FILM REVIEW | Cosmopolis


I had mixed thoughts entering Cosmopolis. The trailer had promise and I had won a double pass to see the film so I was at least a little excited. However, being directed by David Cronenberg, I was a bit dubious, as his last film (A Dangerous Method) was less than impressive, and in the past I've found a lot of his films to be underwhelming. Up until the 2000s Cronenberg had created himself a distinct style which I admired. Even though, as I said previously, his films tended to be underwhelming, I could still appreciate and recognise his achievement of a distinctly recognisable style. This was mostly to do with the atmosphere he created and his penchant for including uncomfortably fleshly elements within his films. However, post-2000 saw Cronenberg completely disregard these elements he'd built up over his career and seemingly start afresh. Bad move. What's left is just a bland form of storytelling with nothing unique or wondrous.

So, Cosmopolis. The film follows Eric Packer, an insanely rich and successful 28-year-old businessman, who travels across town in his limousine to get a haircut. His plans are constantly thwarted by protestors (the president is in town), regular pit-stops to visit his girlfriend and (presumably) friends who hitch a lift. This premise allows for a credible conversation film (a film whose merits come from philosophical conversation as opposed to riveting story progression or action), and it really could have excelled - had the film had anything notable to say. The film aims to make comment on contemporary capitalism, and at times it almost touches on some interesting ideas, but ultimately fails to get off the ground. Everything is there - the film boasts a capable cast (Juliette Binoche, Samantha Morton & Paul Giamatti), a good set up and a decent overall intention - it just never gives the audience anything deep or profound to work with, which leaves you with a rather shallow analysis of contemporary capitalism. So really, the major fallback of the film is its script, which is a shame.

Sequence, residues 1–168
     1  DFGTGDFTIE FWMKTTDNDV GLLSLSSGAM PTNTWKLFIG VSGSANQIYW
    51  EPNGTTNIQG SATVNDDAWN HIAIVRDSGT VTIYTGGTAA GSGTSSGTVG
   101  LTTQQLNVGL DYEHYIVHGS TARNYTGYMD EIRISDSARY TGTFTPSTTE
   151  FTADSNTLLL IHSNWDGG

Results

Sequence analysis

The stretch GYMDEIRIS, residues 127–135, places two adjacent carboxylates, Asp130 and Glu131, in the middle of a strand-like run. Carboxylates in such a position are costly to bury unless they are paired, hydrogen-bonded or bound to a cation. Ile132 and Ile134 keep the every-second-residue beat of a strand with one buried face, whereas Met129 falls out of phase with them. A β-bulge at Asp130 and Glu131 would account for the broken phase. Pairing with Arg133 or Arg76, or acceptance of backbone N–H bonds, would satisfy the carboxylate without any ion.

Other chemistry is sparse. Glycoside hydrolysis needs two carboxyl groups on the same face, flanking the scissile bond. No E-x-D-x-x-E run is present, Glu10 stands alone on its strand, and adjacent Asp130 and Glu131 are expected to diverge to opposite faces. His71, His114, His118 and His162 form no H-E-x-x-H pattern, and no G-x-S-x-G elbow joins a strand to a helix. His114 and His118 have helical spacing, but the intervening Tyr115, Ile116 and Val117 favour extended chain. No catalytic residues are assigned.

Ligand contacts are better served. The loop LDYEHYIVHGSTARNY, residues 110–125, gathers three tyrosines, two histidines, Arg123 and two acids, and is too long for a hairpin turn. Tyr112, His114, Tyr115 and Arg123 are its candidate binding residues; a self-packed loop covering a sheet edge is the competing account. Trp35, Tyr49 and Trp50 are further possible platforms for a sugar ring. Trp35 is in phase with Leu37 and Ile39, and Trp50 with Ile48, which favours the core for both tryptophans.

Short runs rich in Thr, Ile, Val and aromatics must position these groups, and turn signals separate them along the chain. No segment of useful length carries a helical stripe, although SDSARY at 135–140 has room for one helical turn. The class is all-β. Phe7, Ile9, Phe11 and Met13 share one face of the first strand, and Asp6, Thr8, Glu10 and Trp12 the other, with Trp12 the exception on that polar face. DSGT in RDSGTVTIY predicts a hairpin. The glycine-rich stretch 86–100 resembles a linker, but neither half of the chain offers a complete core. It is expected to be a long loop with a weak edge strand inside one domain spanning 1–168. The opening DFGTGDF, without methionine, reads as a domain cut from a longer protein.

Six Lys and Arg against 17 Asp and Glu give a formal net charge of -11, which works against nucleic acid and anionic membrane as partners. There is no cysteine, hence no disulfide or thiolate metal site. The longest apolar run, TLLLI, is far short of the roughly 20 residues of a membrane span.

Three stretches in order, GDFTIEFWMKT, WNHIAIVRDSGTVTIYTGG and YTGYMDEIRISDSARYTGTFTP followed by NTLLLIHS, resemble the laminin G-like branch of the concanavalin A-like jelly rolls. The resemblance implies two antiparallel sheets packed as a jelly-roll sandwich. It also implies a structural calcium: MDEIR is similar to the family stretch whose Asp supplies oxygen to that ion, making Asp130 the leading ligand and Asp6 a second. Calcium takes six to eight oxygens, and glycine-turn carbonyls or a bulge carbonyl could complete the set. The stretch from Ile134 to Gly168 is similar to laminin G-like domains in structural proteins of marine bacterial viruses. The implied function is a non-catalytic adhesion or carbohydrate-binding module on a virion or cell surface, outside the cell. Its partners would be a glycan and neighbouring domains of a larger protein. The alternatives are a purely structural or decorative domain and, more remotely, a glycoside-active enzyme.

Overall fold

A very dark, ominous atmosphere lurks over the film; a very unsettling feeling which is definitely to its merit. I'd certainly cite it as a throwback to Cronenberg's heyday, so kudos to him for bringing that back successfully. The music in the film was very minimal, basically non-existent at times, which I suppose may have added to the success of the atmosphere, however I really would have liked the music to have more presence. But perhaps this hope is due to the trailer, which had a very striking musical presence, and was one of the things that really caught my attention.

Overall the film was a bit disappointing. I'd say watch the trailer instead.

And some spoiler comments:

  • What a terrible haircut. Honestly, it looked like he did it himself. In the dark. I could do a better job than that. In the dark. Why you'd travel so far for that is beyond me. I feel bad for Robert Pattinson having to wear that.
  • What was with Paul Giamatti's talking toe fungus?! Just what.… However it did provide for some very amusing comic relief. So I guess that's a plus.

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